Most of my gear was setup for hunting eastern whitetails from a treestand. For spot-and-stalk hunting, I knew some things would change. I looked at areas of my whitetail system that were weak. I tried to improve my gear in ways that would help me on this trip out west, but also improve my experience in the whitetail woods. Here’s what I’ve come up with:
- Boots -
I mentioned here that I was very unhappy with my boots last year. This year, I’m running Cabelas Perfekt Hunter boots. After a couple months of hiking and break in – I’m very pleased. They are warm, but not bulky. I think they’ll be a great balance for those late season hunts that start in the 20’s and end in the 60’s. They are comfortable with great traction and support. #win.
- Clothing -
Early season in Georgia finds me swatting mosquitos in 80 degree weather, while late I’ll be shivering in early morning teens. This year, I wanted a true clothing system. One that would get me from those early season sweats to the late season frosts by adding layers and options. I went with the system from First Lite.
What attracted me to First Lite was their merino wool clothing. Merino simply outperforms in odor, temp regulation, moisture control, and warmth when wet. It’s ultra-quiet and doesn’t shine. What’s not to love? The clothing has a “shooter’s cut” and tons of other features. Combined with their new outerwear, I feel confident that I’m ready for rain, wind, cold or sweat when my boots touch Nebraska dirt.
Note: I’ve also switched to a new bow, and have some other new gear this year. You can see a full gear list here.
Nebraska is going to bring a physical challenges for me as well. I’m trying to prepare myself for the demands that will come with a new style of hunting. I’ve also stumbled upon what I think is the best training regimen a hardcore hunter could ask for. More on that at the end of this article. Here are a few areas I’m paying special attention to.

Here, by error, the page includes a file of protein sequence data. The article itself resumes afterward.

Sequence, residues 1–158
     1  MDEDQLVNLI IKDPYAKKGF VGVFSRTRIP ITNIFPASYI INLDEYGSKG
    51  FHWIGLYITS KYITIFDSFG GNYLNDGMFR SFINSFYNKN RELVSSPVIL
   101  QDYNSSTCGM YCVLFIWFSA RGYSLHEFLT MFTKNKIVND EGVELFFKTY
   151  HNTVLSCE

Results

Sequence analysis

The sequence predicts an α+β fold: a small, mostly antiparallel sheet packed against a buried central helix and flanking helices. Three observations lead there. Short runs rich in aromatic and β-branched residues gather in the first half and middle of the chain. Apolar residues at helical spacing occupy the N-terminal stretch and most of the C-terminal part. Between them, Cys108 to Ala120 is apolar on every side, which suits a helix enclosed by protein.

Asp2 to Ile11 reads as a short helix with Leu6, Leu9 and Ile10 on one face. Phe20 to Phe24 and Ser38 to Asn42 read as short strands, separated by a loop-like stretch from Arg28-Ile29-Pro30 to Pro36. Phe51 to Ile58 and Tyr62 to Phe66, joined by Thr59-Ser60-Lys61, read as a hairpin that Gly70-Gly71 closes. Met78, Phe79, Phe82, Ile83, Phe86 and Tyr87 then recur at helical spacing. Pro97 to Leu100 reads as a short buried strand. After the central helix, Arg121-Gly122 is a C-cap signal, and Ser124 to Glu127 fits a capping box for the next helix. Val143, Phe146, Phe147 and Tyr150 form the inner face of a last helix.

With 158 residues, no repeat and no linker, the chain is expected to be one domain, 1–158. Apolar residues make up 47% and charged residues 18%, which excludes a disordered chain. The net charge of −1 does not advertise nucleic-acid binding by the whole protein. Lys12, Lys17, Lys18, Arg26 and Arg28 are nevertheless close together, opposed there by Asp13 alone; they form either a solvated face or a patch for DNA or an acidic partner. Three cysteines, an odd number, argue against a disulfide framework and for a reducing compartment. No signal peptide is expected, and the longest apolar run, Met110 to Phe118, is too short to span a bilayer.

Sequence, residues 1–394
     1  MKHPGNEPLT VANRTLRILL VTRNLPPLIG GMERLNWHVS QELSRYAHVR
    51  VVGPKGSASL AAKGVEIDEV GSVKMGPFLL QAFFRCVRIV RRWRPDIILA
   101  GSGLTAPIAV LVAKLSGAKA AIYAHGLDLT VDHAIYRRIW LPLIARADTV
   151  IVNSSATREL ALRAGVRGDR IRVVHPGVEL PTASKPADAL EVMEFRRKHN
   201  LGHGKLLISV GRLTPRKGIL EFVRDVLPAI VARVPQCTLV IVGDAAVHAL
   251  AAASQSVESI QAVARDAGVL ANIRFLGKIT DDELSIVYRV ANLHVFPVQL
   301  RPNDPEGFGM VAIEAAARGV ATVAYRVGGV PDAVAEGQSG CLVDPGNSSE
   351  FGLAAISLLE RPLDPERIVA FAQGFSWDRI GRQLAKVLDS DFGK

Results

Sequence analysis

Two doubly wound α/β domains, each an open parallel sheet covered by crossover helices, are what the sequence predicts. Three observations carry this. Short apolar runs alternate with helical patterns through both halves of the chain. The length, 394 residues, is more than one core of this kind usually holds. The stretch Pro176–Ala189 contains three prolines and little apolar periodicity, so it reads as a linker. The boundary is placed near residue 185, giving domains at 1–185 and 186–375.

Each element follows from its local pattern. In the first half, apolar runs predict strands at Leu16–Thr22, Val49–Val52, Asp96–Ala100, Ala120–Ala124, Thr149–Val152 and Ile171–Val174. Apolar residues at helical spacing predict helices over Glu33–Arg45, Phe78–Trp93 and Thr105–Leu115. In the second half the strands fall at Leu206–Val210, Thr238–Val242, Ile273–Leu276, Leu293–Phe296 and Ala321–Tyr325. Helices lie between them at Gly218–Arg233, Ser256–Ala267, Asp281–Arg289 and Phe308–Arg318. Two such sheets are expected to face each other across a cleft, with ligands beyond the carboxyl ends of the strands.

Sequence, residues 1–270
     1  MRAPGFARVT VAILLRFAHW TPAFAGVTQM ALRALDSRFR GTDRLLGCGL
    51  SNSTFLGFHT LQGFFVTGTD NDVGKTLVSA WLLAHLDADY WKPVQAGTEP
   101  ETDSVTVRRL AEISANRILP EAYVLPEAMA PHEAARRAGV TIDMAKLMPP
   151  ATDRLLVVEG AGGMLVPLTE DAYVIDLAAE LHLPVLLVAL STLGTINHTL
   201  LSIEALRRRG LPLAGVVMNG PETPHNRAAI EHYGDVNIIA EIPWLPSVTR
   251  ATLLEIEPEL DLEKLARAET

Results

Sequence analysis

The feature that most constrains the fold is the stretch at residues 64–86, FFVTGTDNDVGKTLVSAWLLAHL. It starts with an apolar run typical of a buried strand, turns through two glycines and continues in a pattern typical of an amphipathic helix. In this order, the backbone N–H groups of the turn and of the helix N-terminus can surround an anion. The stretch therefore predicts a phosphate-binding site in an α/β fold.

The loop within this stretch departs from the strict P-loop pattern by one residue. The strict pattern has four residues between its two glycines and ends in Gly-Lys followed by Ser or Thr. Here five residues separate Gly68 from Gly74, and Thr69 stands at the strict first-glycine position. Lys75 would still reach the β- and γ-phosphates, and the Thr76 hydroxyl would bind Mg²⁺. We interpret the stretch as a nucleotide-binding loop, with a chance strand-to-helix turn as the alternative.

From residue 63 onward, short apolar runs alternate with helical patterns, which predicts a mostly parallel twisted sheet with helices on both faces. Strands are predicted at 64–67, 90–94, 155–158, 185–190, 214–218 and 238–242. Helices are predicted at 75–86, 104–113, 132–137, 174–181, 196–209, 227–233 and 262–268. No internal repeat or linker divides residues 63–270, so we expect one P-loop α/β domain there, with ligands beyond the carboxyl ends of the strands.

- Endurance -
Probably more than anything, I’m going to need mental and physical endurance. I’ve never hunted non-stop for 5 days before. Long weekends at most. Even then, we usually don’t hunt all day, every day. This is going to be hard work and I want it to pay off. I’ve been running sprints and training to prepare my heart and lungs for the physical demands.
I’ve also been trying to keep my mind calm, and skirt the pressure to perform that creeps up on me while preparing for a hunt. I want to hunt. Coming home with a huge buck, average doe, or empty handed, I want to hunt. That’s why I’m going, anything else is just a bonus.
- Mobility -
I see a lot of guys, hunters, who spend hours lifting heavy weights at the gym. For me, that’s an impractical waste of time and energy. I’ve never had to bench-press anything in the woods, or ever. I prefer something more practical and useful than big muscles that cost valuable nutrients and organ support – MOBILITY.
I would rather be able to climb a steep hill, maneuver around deadfall silently, or hold an awkward position for what feels like an eternity while a whitetail has his eyes on me waiting for movement. Those moments require mobility, not mirror-flexing muscles. I want a full range of motion to walk, crawl, sit, climb, jump, duck and move through the woods with control and silence. So, I train for mobility first and foremost.
- MovNat -
In a former life, I was a CrossFit trainer (*read: “a beast”). I made money teaching people how to be fit. Really, very fit. Somewhere between 3 children and loving the mirror a little too much, I decided to go another route for fitness. I won’t care to be a beast at 60. I’ll want to have mobility and health. Not wanting to trash my body like many of my comrades, I backed off for a while.
Eventually, I started to tap into a program that is similar to CF but much more practical and sustainable. It’s called MovNat. I’ve been tinkering with this program for a while now. It is by far, the absolute most hunter-minded training program I’ve seen. Mobility, precision, endurance, control, agility, strength, it’s all there. I dare you to watch the video below and think about the hunting applications:
See? You should try it. It’s a blast to do, and you’ll get in shape, having fun, in nature. See MovNat’s Journal for workouts to try. Also – be safe with this! I don’t condone the barefoot woods run, or climbing tall trees on your first workout. Use some caution and you’ll be glad you started.
I’m still not a prepared as I’d like to be, but this hunt is coming whether I’m ready or not. I’ll be loading up the Bronco and heading west in a matter of days. Wish me luck…